According to recent research from regulator the Charity Commission, over half of charity accounts still fail to clearly explain how the charity is meeting its objectives. Moreover, a quarter do not meet even basic standards for users, with that figure rising to almost a half when considering only the smallest charities.
Andy Jones, director at Whitley Stimpson, leading chartered accountants and business advisors says: “Charities have many distinctive needs, often different to other types of businesses. They’ve faced unprecedented external challenges in recent years with the ever-changing legislation and regulation within the sector.”
The regulator analysed a random sample of 107 charity accounts against two criteria: how charities are reporting on the public benefit requirement, and whether the accounts meet readers’ needs.
It found that 54% of charities did not meet the public benefit reporting requirement. Of these, 13 failed the requirement as they did not describe the difference that their charity had made; 21 charities did not include the statement that they had complied with the public benefit requirements and read the Commission’s guidance, and 24 charities did not do either.
Andy continues: “This review clearly indicates that too many charities are missing out on an important opportunity to tell the public why their work matters, and what difference they are making. The most efficient way to improve the quality of a charities accounts and reports is to work with advisors like us; we have a passionate and dedicated team of specialists, with many years of experience of working with and advising charities and not for profit organisations, including many who are charity trustees themselves. Our aim is to work with our charity and not-for-profit clients to enable them to become more effective and efficient, so they can deliver even greater value to their beneficiaries.”
The Commission also examined whether the charities’ accounts met basic user need. While this work found that 75% of the accounts were of acceptable quality, 25% of charities did not meet the basic standard, for example because the accounts were inconsistent or not transparent.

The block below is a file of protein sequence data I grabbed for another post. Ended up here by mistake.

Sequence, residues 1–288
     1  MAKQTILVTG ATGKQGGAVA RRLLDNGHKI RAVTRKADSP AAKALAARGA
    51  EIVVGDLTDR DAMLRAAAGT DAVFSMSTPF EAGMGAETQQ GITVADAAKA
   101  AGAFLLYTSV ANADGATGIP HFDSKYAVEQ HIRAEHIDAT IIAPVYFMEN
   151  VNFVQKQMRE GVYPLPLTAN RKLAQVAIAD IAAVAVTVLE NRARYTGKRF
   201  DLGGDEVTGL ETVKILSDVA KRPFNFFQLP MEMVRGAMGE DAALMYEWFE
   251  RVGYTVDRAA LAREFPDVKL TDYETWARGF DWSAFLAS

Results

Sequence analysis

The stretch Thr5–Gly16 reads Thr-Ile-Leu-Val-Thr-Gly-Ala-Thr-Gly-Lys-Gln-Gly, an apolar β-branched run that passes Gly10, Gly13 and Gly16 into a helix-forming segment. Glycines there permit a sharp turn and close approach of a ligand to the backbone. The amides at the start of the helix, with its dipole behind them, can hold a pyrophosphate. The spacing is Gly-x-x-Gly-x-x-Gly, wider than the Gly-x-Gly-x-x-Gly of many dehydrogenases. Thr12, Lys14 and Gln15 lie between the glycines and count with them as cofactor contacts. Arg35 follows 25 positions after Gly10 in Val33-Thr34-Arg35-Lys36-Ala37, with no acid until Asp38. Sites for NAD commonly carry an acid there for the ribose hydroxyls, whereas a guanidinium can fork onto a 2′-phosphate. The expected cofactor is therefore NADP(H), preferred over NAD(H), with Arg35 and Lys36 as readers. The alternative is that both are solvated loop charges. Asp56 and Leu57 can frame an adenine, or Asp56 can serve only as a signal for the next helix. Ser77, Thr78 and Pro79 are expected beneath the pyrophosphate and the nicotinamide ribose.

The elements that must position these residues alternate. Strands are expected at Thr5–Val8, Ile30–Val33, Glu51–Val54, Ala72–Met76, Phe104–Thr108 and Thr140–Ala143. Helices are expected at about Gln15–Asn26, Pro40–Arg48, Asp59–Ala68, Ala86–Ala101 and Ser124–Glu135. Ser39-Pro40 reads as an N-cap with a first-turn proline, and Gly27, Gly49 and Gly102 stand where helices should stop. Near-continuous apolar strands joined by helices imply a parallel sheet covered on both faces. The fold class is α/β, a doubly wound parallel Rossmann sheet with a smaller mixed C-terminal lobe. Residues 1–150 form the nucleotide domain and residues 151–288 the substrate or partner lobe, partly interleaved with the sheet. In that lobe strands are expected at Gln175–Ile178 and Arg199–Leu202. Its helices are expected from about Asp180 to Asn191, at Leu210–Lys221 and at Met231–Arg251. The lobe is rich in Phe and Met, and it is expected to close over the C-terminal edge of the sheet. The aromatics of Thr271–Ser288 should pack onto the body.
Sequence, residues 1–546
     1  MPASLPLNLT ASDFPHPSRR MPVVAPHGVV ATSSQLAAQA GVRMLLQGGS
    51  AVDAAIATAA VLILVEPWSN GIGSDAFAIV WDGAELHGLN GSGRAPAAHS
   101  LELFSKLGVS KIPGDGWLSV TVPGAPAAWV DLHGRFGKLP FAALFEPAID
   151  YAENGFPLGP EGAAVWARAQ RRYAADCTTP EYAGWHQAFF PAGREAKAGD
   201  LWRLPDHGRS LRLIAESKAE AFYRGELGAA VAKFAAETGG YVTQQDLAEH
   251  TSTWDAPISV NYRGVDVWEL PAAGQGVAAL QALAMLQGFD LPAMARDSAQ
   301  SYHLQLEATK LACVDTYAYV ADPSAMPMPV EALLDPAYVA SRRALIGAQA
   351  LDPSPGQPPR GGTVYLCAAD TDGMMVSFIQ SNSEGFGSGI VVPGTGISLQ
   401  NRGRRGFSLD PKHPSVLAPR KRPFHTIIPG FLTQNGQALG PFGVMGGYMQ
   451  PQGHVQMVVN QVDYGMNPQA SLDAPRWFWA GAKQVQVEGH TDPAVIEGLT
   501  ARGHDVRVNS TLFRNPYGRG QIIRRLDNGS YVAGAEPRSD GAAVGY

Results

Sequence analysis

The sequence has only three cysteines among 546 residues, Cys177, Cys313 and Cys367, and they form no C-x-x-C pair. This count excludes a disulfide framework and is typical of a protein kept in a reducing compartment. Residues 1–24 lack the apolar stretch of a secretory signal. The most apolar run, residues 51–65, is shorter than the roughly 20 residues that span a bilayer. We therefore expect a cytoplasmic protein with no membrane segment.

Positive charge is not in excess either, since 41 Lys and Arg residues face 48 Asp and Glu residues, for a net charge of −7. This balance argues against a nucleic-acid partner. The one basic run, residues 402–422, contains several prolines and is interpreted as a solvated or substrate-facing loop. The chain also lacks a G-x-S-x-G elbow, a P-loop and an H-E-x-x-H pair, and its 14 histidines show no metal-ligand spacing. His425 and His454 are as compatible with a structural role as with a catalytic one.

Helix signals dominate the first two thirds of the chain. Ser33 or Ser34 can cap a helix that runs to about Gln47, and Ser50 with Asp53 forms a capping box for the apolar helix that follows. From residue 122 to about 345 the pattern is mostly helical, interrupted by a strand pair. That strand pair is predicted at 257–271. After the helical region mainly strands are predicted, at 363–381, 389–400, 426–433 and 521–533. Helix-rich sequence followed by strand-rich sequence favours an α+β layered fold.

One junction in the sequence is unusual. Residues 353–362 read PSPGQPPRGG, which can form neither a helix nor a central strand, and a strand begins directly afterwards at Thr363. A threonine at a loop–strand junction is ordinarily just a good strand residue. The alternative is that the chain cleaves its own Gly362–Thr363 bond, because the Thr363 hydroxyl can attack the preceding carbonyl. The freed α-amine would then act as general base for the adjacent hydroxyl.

Separately, the Commission scrutinised a random sample of 109 accounts of small charities with incomes of under £25,000 to examine their overall quality. This survey found that 55% were of an acceptable standard, only marginally higher than the 47% achieved in the previous two years.
The regulator found a range of reasons for some charities falling short of requirements; for example, five charities provided incomplete accounts that did not include information on their assets and liabilities.
Andy concludes: “Charities and not-for-profit organisations play a vital role in today’s society, delivering a diverse range of services and support to businesses, local communities and people in need. At Whitley Stimpson our qualified team will deliver a range of audit, financial reporting, accounting and advisory services to ensure charities understand and report effectively so they don’t become a negative statistic for the Charity Commison.”
Andy Jones has worked in the charity and education sector for over 20 years, advising a wide range of educational organisations, as well as local and regional charities.
Whitley Stimpson is one of the country’s leading independent accountancy firms, and has offices in Banbury, Bicester, Witney and High Wycombe. One of the top 100 accountancy companies in the country, their services cover general individual and business accounting and also a range of specialist sectors including charities.
For further advice, contact Andy and his team at Whitley Stimpson on 01295 270 200 or email@example.com.